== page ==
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Today as one of our readings, we look at Matthew 27: 45-46 and Psalm 22:
Today we are looking at one of the last words of Jesus, and one of the hardest to hear, from Matthew:
45 From noon on, darkness came over the whole land until three in the afternoon. 46 And about three o’clock Jesus cried with a loud voice, “Eli, Eli, lema sabachthani?” that is, “My God, my God, why have you forsaken me?”
My God, my God, why have you forsaken me? Those words are so hard for us to hear coming from Jesus. After all, this is Jesus, the Son of God. True God from True God, True Light from True Light. God Himself in the flesh. How can He say this? Why can He say this?
There are a lot of thoughts about this, all of them having an element of truth. Perhaps he feels the weight of sin at this time. We are told in Scripture that all the sins of us all were placed upon Him. Think about that. All the sin. Sins past. Present. Future. All the sins, all the darkness, all of it. Not just the things we think of as “little things” but the terrible, perverse awful things. All this was placed upon Him. All of it.
That had to feel heavy. That had to be a lot. That had to be tough. All upon Him. He felt the weight of it all, and He may have felt alone at that point. There is some real truth to that.
But, that is not why I think He said it. Do you remember what I have told you over and over about the Psalms? How they are the hymnal for the Jewish people? One of the things that we know about the hymns we love, is we know the lyrics. So, if I say “Amazing Grace, how sweet the sound” you will almost by instinct reply “that saved a wretch like me.” We know our hymns.
The Jewish people were the same way with the Psalms. When they heard one line, they would know the rest of them. So today, listen to the first line of Psalm 22:
My God, my God, why have you forsaken me?
Why are you so far from helping me, from the words of my groaning?
Jesus was quoting Psalm 22. Everyone around would have heard this and known what He was doing. We hear Him giving words to anguish, they heard a Psalm. Well, what is the rest of that Psalm?
19 But you, O Lord, do not be far away!
O my help, come quickly to my aid!
20 Deliver my soul from the sword,
my life from the power of the dog!
21 Save me from the mouth of the lion!
From the horns of the wild oxen you have rescued me.
22 I will tell of your name to my brothers and sisters;
in the midst of the congregation I will praise you:
23 You who fear the Lord, praise him!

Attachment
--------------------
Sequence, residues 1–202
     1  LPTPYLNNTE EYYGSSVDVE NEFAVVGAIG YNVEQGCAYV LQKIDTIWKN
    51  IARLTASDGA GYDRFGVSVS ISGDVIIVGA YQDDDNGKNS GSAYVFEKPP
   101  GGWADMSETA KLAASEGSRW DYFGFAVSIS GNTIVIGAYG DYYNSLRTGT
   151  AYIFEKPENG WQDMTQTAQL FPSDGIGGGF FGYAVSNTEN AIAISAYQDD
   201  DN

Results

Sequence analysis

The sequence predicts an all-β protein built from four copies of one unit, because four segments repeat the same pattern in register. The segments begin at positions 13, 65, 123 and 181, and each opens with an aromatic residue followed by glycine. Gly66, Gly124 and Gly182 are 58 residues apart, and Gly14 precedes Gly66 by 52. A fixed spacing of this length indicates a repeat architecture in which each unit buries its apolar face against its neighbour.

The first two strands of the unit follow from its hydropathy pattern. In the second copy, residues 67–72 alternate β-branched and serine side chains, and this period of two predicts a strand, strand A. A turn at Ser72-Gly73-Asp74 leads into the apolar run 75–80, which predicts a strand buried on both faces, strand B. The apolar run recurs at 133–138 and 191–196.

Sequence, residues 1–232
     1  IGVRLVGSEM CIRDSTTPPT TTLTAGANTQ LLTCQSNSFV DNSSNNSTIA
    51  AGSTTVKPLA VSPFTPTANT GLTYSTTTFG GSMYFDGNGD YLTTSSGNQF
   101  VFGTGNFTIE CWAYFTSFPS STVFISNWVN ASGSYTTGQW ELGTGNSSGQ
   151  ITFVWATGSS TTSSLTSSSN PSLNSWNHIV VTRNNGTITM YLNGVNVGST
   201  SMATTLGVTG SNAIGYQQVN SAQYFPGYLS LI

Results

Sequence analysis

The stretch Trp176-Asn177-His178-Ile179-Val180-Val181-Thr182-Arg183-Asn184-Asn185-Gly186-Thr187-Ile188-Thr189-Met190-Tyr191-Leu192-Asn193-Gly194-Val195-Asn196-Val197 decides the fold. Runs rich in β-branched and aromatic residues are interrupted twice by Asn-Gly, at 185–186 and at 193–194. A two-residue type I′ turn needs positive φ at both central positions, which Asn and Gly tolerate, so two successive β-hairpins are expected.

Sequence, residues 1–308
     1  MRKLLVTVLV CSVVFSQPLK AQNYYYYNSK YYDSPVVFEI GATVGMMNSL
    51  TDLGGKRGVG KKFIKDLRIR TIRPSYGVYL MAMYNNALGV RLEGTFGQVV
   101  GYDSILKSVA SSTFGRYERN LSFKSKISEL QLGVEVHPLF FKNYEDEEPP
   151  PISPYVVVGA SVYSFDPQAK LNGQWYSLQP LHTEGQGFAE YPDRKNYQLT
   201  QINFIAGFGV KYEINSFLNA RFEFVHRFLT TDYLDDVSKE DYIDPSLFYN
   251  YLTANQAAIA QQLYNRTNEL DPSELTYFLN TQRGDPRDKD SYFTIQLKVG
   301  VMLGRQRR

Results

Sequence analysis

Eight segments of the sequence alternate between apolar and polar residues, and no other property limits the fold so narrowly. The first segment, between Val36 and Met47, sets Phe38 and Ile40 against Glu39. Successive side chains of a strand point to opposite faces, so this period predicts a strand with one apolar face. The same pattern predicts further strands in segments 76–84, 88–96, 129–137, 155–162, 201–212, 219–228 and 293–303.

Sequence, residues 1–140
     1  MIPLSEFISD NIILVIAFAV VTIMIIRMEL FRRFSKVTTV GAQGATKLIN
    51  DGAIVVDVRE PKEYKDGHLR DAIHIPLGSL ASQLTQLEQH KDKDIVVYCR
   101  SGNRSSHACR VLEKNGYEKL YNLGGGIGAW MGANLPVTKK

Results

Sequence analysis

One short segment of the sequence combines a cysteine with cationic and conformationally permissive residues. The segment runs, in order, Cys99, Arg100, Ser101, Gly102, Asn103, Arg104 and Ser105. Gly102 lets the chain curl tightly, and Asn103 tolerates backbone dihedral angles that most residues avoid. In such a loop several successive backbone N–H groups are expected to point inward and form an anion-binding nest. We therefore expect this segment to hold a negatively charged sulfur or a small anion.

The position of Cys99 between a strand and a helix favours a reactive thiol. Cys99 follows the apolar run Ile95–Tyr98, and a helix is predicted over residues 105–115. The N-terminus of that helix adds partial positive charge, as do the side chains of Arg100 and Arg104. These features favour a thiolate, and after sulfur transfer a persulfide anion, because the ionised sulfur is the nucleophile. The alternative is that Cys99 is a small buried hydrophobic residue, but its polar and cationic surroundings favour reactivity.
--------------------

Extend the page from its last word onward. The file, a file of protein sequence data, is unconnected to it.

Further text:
All you offspring of Jacob, glorify him;
stand in awe of him, all you offspring of Israel!
24 For he did not despise or abhor
the affliction of the afflicted;
he did not hide his face from me,
but heard when I cried to him.
25 From you comes my praise in the great congregation;
my vows I will pay before those who fear him.
26 The poor shall eat and be satisfied;
those who seek him shall praise the Lord.
May your hearts live forever!
27 All the ends of the earth shall remember
and turn to the Lord;
and all the families of the nations
shall worship before him.
28 For dominion belongs to the Lord,
and he rules over the nations.
29 To him, indeed, shall all who sleep in the earth bow down;
before him shall bow all who go down to the dust,
and I shall live for him.
30 Posterity will serve him;
future generations will be told about the Lord,
31 and proclaim his deliverance to a people yet unborn,
saying that he has done it.
It is a Psalm of victory. A people not yet born will be told about what He has done. God had not turned His face but has instead delivered victory.
I believe in this moment that Jesus was not overcome by feelings of defeat, but quite the opposite. He was declaring His victory. He was letting all know that it was finished and the victory has been won.
He has defeated sin and death, sin is atoned for, no more would it hold power of any of us. This moment on the cross is not Jesus feeling defeat. It is Him declaring victory.
The Jewish crowd around would have understood this fully. They may not have understood His declaration of victory, but they would have known what He was claiming.
Jesus is declaring victory over sin. As dark as Good Friday is, do not let the darkness hide the victory. He has overcome. Yes, it is dark today. But Sunday is coming.
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